Simulation study on the Steam-Assisted-Gravity-Drainage (SAGD) preheat phase strategy: Consequences for the SAGD performance
MetadataShow full item record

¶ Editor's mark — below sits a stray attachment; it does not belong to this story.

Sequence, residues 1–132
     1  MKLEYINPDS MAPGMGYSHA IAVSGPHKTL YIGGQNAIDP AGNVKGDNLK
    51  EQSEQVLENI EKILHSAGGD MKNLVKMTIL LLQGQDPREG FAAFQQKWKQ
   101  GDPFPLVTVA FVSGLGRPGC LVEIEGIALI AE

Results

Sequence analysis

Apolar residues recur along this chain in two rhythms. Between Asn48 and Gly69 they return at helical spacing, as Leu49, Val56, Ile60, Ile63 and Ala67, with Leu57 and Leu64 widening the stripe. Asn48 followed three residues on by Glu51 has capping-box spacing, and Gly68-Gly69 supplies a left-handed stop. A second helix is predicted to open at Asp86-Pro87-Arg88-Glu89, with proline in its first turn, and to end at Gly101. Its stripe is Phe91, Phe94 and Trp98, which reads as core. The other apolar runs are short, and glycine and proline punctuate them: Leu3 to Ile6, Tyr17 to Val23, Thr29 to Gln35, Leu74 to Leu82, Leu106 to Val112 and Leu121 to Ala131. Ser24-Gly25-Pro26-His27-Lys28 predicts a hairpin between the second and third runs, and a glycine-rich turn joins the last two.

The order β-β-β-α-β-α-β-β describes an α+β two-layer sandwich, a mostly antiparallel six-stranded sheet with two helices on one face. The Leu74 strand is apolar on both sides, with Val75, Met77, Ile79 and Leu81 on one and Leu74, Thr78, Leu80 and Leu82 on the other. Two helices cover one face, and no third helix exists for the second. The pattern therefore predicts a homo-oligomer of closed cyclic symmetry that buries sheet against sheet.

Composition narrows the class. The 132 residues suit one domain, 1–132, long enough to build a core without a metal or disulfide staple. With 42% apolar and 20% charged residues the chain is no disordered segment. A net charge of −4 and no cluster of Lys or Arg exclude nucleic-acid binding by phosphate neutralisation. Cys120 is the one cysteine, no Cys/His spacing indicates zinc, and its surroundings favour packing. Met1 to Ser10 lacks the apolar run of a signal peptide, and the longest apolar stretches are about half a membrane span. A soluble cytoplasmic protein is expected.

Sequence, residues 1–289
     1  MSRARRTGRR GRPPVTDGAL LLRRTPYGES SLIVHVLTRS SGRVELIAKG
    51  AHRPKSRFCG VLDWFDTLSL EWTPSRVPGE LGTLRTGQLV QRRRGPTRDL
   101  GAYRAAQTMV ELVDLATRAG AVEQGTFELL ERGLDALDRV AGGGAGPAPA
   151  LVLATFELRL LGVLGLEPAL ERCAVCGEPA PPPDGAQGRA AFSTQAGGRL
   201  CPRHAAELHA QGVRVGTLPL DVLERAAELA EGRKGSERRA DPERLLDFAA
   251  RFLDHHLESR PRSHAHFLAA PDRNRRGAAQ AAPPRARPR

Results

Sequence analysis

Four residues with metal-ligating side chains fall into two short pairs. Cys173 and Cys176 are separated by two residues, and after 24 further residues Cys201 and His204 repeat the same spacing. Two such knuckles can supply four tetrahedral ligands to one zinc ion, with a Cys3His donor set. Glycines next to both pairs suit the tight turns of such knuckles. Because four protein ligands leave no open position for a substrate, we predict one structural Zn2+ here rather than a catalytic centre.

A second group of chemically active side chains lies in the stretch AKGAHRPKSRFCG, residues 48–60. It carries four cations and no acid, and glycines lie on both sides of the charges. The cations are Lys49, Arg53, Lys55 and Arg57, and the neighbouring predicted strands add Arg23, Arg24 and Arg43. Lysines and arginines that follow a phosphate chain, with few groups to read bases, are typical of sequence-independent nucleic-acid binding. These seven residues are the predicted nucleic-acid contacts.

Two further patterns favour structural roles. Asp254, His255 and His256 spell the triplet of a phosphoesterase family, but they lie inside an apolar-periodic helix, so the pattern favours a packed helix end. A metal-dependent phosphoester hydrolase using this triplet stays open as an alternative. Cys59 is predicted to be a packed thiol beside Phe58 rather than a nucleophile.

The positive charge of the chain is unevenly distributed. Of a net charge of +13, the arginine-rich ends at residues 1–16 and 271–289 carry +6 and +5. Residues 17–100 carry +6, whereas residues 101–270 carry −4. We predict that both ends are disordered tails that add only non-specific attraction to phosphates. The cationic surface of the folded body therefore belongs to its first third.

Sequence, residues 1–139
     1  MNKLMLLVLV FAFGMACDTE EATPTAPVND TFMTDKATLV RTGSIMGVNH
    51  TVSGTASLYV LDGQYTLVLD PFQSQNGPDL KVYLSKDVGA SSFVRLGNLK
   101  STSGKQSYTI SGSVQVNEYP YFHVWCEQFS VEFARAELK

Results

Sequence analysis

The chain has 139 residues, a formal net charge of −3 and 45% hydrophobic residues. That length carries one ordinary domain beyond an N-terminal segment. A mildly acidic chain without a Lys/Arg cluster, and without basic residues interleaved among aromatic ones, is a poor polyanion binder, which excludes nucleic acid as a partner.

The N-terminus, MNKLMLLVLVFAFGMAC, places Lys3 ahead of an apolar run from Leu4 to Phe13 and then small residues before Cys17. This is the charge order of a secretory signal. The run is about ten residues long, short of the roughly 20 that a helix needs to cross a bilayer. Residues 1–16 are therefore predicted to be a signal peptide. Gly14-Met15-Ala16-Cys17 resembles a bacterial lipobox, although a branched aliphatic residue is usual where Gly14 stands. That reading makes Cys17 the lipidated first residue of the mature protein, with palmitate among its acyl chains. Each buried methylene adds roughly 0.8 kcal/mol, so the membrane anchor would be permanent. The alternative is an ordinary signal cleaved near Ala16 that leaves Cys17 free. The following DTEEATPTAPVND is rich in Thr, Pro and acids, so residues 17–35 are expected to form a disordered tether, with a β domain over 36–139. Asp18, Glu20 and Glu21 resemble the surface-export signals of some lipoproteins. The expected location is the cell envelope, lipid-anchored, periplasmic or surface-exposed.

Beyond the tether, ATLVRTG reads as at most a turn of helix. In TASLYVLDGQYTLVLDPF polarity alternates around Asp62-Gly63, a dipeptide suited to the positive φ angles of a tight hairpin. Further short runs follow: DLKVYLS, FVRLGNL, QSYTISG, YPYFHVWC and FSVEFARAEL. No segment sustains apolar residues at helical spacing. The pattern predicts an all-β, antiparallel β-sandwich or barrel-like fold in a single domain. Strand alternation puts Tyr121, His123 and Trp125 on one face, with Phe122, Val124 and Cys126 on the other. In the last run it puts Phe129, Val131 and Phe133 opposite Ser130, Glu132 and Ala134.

The Steam-Assisted-Gravity-Drainage (SAGD) recovery technique is a rather new technology for extracting the extra heavy oil and bitumen deposits in Canada and a lot of research is currently being done on this topic. This master thesis presents a quick introduction to the topic heavy oil in terms of geological setting, different recovery techniques and ways of simulating the SAGD process with the fully coupled thermal reservoir simulator STARS provided by CMG. Statoil has just recently been granted a preview of the newest option in the STARS simulator called FlexWell. It allows arbitrary well trajectories and different completion designs making it one of the more advanced options out on the market to simulate the SAGD process. It has been tested for both single and dual tubing completion designs and for different values for the circulation rate, maximum allowable injection pressure and pressure differential between the wells. The single wellbore design seemed however to be a bit more robust than the dual tubing design, yielding more reasonable results. To try and understand more of the different phenomenon that may occur on the way down from the surface and in to the reservoir, there were constructed two different models. One was a simplified reservoir model while the other was extended all the way up to the surface. The surface model was after several runs put aside due to liquid holdup problems resulting in zero steam quality at reservoir depths. Based on the observed behaviour from varying the different well constraints for the circulation phase, two cases were selected for further studies. The two cases, where the temperature distribution was the most even at the time of steam breakthrough, were chosen to include a SAGD phase as well as the circulation phase. Determining when to transform the wells into a traditional SAGD well-pair were determined based on several switching criteria. First indication of increased production in the upper wellbore, estimates for when the average midblock temperature was 100 degrees Celsius, 30% loss of circulation and a new plateau rate in the upper wellbore, were the ones investigated in this study. The runs were very unstable and the result not conclusive. Still, it was possible to recognize some indication of which switching criterion had the best influence on the SAGD performance. If the switch is done too early, like for instance at first indication, parts of the reservoir will cool down before the SAGD phase is activated resulting in an uneven development of the steam chamber.